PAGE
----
From Edward Maher
[9 Oct. 1801]
Sir as you Cant a ford me more weages I must See and1 beter my Self I am sorrey to leave you
RC (MHi); endorsed by TJ as a letter of 9 Oct. 1801.
Edward Maher began work at the President’s House on 12 Mch. 1801. His pay was $12 each month, plus an additional $2 “for drink” that was a routine gratuity for some members of the household staff. He was also to receive two suits of clothes. Maher, who held the job of porter, apparently thought that the range of duties associated with that position should be narrowly defined, whereas TJ and the stewards wanted him to work on any tasks that might need attention. In April, Maher was dismayed when TJ had John Freeman, rather than Maher, accompany him to Virginia. Maher also grumbled about his livery outfit, objecting to wearing the same uniform as a black man. In the spring of 1802, Maher’s successor as porter left abruptly, but TJ refused to take Maher back. Citing Maher’s apparent inability to stay with any employer very long, TJ called him “fickle.” TJ wanted “servants who will do every thing they are wanted to do,” and Maher, though “capable,” did not meet that standard. TJ also confided to Étienne Lemaire that Maher had been in the habit of reading papers on TJ’s desk when TJ was out of the room. Joseph Dougherty, the coachman, found Maher “a verry Disagreeable Man in a family although he is a good Servant” (MB description begins James A. Bear, Jr., and Lucia C. Stanton, eds., Jefferson’s Memorandum Books: Accounts, with Legal Records and Miscellany, 1767–1826, Princeton, 1997, The Papers of Thomas Jefferson, Second Series description ends , 2:1035, 1036, 1040, 1042, 1045; Vol. 33:504n, 530–1, 605; Étienne Lemaire to TJ, 10 May 1802; Joseph Dougherty to TJ, 11 May 1802; TJ to Lemaire, 14, 20 May 1802).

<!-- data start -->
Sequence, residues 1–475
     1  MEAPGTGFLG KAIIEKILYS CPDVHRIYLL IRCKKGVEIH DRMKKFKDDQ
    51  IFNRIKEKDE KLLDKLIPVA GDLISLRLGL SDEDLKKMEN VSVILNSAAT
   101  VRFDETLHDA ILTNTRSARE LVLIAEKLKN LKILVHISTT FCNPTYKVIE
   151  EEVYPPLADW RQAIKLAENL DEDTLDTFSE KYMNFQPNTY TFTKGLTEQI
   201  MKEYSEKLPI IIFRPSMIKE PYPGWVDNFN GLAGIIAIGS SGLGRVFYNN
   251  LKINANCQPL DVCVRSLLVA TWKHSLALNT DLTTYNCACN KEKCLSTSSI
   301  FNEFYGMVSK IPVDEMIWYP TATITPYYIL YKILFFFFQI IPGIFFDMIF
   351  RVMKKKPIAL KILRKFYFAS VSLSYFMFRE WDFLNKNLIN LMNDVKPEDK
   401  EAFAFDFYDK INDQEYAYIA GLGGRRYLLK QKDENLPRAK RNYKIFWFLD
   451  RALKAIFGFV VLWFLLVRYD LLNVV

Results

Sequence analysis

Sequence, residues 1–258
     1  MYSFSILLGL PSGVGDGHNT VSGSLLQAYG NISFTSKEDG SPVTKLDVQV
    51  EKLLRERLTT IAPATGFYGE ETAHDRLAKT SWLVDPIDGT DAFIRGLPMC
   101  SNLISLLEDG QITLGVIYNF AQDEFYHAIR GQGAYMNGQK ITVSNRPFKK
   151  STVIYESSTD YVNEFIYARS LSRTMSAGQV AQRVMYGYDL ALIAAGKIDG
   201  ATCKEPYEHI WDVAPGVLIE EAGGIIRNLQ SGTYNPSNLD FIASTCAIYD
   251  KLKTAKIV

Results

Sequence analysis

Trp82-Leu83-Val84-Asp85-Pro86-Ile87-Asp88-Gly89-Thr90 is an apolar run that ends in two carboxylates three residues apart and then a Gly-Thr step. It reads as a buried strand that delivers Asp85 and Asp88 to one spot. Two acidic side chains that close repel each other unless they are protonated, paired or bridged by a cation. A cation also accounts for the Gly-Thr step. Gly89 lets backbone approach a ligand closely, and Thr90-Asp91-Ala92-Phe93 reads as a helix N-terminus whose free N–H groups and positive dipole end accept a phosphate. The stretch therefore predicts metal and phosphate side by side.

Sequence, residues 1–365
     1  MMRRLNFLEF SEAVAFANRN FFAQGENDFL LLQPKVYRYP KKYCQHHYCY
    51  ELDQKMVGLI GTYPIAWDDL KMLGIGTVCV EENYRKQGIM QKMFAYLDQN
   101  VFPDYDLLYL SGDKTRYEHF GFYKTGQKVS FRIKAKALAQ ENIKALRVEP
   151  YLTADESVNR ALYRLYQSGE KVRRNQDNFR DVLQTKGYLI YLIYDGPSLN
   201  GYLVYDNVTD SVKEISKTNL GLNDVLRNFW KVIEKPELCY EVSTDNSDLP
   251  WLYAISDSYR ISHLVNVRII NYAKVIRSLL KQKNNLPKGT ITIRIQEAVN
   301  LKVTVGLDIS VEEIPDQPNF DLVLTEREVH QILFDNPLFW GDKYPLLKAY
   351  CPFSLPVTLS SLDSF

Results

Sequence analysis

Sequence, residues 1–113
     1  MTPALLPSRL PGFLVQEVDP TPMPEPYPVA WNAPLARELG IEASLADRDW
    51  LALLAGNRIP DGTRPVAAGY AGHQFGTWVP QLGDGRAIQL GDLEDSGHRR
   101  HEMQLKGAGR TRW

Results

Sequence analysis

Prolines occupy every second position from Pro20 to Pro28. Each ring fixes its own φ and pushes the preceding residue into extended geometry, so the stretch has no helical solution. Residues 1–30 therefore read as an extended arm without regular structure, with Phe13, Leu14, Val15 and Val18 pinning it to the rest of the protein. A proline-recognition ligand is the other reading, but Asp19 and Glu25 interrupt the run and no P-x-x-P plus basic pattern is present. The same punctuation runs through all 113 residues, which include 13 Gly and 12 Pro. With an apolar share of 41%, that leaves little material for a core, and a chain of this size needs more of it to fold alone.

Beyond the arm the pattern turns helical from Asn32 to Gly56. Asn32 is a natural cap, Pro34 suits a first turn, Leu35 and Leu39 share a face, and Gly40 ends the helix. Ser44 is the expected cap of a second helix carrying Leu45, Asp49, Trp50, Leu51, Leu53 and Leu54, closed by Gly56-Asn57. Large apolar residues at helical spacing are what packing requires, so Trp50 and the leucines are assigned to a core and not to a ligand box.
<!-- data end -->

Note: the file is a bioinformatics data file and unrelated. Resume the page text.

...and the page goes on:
1. MS: “Seeand.”